“Our goal of developing early-career researchers to grow academically and professionally was accomplished again this year,” said Jose Quiroga, director of the LMI Young Scientist Program. “The 33 participants from the five LMI member countries have demonstrated their capabilities to use computational models and information technologies to address public health challenges caused by vector-borne diseases; we are really proud of our young scientists.”

Funded by the U.S. Department of State, the goal of the Lower Mekong Initiative Young Scientist Program is to foster collaboration, knowledge sharing and the creation of a network of young scientists in the LMI countries: Cambodia, Laos, Myanmar, Thailand and Vietnam.

As implementing partners of this program, Arizona State University (ASU) will leverage its decades of experience in sponsored project implementation in Southeast Asia through the Higher Engineering Education Alliance Program, or HEEAP; the Building University-Industry Learning and Development through Innovation and Technology, or BUILD-IT; and the Young Southeast Asia Leaders Initiative, or YSEALI.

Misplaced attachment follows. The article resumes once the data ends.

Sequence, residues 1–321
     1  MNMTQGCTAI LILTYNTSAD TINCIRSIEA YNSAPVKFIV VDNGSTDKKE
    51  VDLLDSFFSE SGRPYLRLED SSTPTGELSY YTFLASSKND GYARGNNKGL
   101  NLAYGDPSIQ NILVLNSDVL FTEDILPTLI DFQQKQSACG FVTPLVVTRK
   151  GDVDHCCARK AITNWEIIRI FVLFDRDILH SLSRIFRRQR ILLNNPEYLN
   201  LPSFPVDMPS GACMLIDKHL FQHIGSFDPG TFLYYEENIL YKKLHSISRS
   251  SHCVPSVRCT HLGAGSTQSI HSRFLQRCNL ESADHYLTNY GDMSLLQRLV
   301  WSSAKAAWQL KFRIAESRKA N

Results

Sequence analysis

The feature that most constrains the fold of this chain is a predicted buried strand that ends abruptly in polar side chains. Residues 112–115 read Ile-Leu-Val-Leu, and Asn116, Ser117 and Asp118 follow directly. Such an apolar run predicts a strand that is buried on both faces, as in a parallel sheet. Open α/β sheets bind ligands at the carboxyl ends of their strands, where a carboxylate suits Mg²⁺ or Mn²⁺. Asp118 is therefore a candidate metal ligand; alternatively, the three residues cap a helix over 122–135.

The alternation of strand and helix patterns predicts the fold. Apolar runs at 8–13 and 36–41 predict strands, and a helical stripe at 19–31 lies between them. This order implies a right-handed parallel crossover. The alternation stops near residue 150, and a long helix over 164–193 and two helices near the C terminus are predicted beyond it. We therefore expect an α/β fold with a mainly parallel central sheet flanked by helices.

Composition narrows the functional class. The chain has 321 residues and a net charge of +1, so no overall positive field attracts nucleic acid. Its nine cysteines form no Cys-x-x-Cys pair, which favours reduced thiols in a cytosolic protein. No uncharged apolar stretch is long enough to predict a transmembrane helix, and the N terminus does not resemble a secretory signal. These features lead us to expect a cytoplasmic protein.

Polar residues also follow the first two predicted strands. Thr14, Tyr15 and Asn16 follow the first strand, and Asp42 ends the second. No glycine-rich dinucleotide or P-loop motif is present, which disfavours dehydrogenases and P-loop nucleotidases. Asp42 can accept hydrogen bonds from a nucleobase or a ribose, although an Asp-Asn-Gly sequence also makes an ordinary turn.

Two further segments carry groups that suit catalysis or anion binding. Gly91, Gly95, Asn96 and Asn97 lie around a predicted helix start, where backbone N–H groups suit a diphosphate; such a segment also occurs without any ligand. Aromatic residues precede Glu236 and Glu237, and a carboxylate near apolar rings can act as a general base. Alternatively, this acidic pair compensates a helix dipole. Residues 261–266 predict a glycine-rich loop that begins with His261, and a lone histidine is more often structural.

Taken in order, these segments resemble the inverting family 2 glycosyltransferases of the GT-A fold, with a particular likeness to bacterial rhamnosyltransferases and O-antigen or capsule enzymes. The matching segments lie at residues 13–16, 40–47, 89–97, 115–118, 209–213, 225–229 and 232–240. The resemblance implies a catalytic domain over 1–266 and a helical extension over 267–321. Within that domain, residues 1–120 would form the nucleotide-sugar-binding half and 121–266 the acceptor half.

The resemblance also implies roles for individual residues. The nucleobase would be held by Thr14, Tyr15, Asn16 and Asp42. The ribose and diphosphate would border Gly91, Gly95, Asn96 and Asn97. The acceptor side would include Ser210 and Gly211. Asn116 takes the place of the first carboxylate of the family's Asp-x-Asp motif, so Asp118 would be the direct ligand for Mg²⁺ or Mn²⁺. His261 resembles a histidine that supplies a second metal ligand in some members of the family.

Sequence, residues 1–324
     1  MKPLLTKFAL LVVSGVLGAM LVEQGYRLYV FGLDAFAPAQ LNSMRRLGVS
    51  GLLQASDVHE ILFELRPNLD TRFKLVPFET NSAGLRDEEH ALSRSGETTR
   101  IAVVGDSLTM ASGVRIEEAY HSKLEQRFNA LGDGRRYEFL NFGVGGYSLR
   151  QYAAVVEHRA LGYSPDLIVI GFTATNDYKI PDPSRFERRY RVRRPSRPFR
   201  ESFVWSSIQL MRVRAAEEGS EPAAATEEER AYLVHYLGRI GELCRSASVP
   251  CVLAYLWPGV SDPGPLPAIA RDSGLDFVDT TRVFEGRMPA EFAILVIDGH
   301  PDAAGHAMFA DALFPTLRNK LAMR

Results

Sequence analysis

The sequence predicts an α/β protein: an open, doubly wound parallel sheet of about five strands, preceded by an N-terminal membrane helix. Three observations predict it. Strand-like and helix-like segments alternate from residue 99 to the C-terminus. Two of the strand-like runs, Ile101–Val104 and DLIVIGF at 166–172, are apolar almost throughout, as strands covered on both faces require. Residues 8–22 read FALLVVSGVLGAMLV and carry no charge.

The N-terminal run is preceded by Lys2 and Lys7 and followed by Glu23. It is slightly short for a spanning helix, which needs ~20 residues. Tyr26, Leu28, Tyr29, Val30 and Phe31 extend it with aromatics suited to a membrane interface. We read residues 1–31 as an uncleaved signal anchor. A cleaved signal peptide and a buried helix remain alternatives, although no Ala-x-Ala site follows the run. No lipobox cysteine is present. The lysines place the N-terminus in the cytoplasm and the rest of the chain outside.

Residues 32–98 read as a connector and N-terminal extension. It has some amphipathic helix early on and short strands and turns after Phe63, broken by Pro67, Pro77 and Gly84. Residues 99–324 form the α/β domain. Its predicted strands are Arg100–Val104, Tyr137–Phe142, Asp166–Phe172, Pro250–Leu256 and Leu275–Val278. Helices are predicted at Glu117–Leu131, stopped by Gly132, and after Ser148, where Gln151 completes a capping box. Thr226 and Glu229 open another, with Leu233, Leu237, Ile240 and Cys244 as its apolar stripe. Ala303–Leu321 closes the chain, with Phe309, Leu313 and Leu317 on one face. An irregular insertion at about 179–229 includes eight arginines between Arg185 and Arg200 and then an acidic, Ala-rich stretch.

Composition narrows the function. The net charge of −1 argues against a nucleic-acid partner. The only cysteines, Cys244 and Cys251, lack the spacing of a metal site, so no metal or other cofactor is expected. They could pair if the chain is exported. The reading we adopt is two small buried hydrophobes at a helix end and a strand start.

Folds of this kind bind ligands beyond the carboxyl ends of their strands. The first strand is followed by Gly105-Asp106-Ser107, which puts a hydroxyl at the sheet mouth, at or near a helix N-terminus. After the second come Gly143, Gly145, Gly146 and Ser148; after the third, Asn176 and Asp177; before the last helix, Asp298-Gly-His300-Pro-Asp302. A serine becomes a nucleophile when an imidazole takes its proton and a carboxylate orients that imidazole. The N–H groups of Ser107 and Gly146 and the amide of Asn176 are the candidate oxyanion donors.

The program supports youth and young professionals by creating opportunities for collaboration. Joint research, workshops and symposiums encourage the sharing of scientific knowledge, ideas and experience, including authorship of peer-reviewed research papers. The program has two objectives — to foster and promote scientific collaboration within the region and to promote knowledge sharing on science and technology best practices and research ideas.

Ngan Phan contributed to this article.

Large group of people posed at end of a table

The opening ceremony took place this summer at the National University of Laos, and included remarks from the Honorable Rena Bitter, U.S. Ambassador to the Lao People’s Democratic Republic; Khamphoui Southisombath, dean of the faculty of engineering at NUOL; and Mayfong Mayxay, vice president of the Lao University of Health Sciences, Ministry of Health. Photo courtesy of Jose Quiroga